The Fair Housing Act and the Air Carrier Act
The ADA is not the end of the analysis for all businesses. Some businesses such as apartment complexes and airlines may have to consider additional laws to clearly determine whether an emotional support animal is a reasonable accommodation. Although the ADA excludes emotional support animals, the FHA has a more expansive definition for animals that qualify as reasonable accommodations. Specifically, the FHA explains that an assistance animal includes an animal “that provides emotional support that alleviates one or more identified effects of a person’s disability.”11 Thus, entities that are subject to the FHA must accommodate emotional support animals. For example, in Castillo Condo. Ass'n v. U.S. Dep't of Hous. & Urban Dev., HUD filed a charge of discrimination against a condominium association when it refused to allow a resident who suffered from anxiety and depression to keep his emotional support animal, and the First Circuit held that there was substantial evidence that these actions were unlawful.12 Further, assistance animals may extend to animals other than dogs.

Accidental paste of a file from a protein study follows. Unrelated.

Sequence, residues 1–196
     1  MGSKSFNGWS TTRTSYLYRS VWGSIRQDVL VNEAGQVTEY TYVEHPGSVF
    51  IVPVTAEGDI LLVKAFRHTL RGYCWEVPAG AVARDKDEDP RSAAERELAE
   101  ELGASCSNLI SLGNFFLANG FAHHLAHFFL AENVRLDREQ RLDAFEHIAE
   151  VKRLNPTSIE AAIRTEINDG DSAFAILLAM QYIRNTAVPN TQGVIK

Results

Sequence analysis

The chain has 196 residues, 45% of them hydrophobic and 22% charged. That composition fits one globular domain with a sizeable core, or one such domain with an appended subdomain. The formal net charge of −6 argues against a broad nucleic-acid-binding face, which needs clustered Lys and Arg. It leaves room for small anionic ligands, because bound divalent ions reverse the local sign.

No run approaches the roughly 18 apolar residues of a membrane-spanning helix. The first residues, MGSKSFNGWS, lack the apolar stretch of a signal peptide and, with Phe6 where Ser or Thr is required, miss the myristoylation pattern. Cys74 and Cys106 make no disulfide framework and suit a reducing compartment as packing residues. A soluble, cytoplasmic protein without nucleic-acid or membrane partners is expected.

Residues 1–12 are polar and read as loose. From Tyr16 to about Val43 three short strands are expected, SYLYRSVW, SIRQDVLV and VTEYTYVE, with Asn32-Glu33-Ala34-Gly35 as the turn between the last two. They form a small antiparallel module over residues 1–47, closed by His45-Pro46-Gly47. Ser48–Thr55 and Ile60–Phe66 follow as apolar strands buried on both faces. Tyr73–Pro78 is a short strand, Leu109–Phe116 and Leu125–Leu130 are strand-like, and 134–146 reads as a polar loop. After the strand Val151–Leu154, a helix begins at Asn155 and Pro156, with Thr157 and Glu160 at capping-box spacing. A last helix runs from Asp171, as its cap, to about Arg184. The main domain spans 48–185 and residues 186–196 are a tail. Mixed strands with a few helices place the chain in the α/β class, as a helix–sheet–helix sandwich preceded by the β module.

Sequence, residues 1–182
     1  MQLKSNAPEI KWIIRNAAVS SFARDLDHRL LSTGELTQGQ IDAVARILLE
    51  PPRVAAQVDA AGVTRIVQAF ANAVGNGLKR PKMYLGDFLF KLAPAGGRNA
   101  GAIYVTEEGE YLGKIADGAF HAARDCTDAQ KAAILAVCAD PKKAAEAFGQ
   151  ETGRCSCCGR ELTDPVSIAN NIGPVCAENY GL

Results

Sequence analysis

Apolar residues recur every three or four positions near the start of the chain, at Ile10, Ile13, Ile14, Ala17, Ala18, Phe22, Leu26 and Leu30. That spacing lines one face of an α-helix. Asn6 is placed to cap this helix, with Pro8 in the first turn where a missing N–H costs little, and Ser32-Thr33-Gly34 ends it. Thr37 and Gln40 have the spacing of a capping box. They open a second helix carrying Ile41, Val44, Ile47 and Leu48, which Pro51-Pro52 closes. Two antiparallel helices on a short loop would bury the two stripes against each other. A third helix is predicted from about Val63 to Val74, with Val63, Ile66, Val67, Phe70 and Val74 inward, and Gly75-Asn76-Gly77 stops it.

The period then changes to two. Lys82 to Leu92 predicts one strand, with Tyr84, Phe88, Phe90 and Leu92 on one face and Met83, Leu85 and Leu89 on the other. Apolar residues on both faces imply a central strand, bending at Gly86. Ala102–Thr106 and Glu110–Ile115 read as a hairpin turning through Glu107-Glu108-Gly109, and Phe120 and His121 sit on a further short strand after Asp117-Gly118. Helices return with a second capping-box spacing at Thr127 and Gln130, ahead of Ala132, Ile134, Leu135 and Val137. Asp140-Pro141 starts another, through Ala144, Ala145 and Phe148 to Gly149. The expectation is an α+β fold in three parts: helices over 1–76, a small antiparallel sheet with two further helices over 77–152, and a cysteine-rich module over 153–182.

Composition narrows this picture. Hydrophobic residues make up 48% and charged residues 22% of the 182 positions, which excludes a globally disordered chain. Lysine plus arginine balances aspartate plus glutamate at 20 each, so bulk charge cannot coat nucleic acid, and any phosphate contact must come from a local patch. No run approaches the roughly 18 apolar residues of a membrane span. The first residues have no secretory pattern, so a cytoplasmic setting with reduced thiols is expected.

At one time the Air Carrier Access Act also required airlines to accommodate emotional support animals, but that is no longer the case. Instead, the Act now more closely aligns with the ADA, requiring airlines to only accommodate service animals. Interestingly, the Department of Transportation announced that this change was partly due to the fact that a majority of reported airline incidents with animals involved emotional support animals.13
Food Service Establishments